You are probably (hopefully) familiar with the style of computation in which our problem is coded into our input bits and we perform operations on these bits until our output bits contain our answer. For example, an addition circuit may take two binary numbers in two registers (we call a set of bits a register) and output their sum into one of these registers:

Here is an example of this provided by the creator of Quirk:

In quantum computing we often use a different style of computation, solving what we call a ‘black box’ problem. A black box is simply a quantum circuit that we are not allowed to look at or take apart. In this case, the instance of the problem is encoded into the operations we perform instead of the input registers:

It might seem difficult to understand how a black box problem can be useful, but we will address this in other articles (such as in the Grover's Algorithm section).

We are given a classical black box that takes n input qubits, and outputs to one output qubit:

To make the circuit reversible we need to adapt our black box so it has the same number of input qubits as output qubits. In our case we give the circuit n input qubits plus one extra qubit for output, the circuit returns the original n input qubits in their initial state, plus the output qubit in its new state.

We are guaranteed that the output of this black box is either constant or balanced:

- Constant: The state of the output bit is the same for all input states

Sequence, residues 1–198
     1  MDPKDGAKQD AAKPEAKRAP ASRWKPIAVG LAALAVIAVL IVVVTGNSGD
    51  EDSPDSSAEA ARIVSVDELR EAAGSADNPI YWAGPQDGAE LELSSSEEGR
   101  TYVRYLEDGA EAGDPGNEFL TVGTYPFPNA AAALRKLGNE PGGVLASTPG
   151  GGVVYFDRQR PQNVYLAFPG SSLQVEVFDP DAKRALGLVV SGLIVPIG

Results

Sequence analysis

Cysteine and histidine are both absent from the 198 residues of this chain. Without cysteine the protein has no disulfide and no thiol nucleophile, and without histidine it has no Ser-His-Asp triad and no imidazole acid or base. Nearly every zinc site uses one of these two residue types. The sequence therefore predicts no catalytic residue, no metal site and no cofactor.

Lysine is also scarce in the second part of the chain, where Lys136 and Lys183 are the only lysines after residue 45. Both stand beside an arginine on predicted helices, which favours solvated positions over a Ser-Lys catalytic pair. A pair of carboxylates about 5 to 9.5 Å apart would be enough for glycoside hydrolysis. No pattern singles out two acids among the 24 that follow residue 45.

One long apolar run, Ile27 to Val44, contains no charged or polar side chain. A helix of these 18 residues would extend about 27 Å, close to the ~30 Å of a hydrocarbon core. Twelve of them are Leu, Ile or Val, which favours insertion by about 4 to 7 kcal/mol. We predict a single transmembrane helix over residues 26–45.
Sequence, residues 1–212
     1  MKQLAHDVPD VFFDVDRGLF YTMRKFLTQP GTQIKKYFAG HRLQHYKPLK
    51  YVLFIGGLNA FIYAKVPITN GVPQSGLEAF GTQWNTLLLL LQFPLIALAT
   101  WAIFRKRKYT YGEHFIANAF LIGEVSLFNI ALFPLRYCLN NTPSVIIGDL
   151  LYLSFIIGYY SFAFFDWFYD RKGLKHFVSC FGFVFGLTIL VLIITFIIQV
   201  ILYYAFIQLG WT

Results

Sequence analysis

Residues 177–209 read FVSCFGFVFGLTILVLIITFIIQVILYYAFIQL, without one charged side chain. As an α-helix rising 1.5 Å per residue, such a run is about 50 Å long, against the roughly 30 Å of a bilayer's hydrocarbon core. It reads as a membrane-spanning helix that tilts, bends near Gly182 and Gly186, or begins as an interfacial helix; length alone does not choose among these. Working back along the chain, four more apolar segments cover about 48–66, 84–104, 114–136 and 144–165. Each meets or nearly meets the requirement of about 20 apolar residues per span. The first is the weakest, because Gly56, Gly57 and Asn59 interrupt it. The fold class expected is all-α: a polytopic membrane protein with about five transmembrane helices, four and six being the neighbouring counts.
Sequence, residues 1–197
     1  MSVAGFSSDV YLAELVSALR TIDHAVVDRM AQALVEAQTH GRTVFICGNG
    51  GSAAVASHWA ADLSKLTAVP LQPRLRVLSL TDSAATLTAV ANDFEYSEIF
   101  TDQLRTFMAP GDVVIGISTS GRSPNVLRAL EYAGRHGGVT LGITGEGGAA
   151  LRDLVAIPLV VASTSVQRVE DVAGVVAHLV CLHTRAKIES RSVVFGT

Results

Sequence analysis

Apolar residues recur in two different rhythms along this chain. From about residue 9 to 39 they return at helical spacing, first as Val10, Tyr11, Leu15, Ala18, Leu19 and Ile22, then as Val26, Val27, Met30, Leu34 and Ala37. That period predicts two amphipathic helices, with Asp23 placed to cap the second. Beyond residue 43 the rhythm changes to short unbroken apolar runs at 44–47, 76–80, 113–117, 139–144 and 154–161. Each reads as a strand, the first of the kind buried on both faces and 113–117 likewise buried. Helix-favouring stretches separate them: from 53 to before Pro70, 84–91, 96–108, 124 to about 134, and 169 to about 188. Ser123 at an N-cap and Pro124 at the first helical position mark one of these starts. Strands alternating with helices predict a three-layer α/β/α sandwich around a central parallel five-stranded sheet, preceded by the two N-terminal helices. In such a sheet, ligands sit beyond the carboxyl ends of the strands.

- Balanced: The output bit is ON for half of the input states and OFF for the other half

The problem is to find out whether the black box is constant or balanced.

Classically, we can solve this problem by passing the box different input states and recording the output. If the box is balanced we will need at least two queries in the best case: one output ON and one output OFF. On average we will need more than this.

To prove the box is constant with 100% certainty requires us checking one more than half of the possible input states (2^{n-1} + 1 queries). Though if we are willing to accept a small margin of error we need a lot less queries than this.
We can see that the classical solution needs between 2 queries (in the best case) to 2^{n-1} +1 queries (in the worst case). The Deutsch-Joza algorithm only ever needs one query.

The Deutsch-Joza algorithm is simple:

- Set the output qubit to |-⟩
- Apply H-gates to the n input qubits
- Run the black box
- Apply H-gates to the n input qubits
- Measure the n input qubits:
- If all n qubits are in the state |0⟩, the box is constant
- Otherwise, the box is balanced

We can draw this as a quantum circuit:

To keep with the labelling of the reversible classical circuit above, I will still refer to the top n qubits as the ‘input’ qubits, and the bottom qubit as the ‘output’ qubit. Bear in mind that after the black box we ignore the bottommost qubit, so the top n qubits could be considered the output of the algorithm. I have provided a link (below) to an example in Quirk. This example has six custom gates (located in the lower right corner), each takes the first qubits as input and the final qubit as output. Use the Deutsch-Joza algorithm in Quirk to find out if each black box is constant or balanced:

You should also try creating your own black box circuits and see how the algorithm behaves when given neither a balanced nor constant circuit.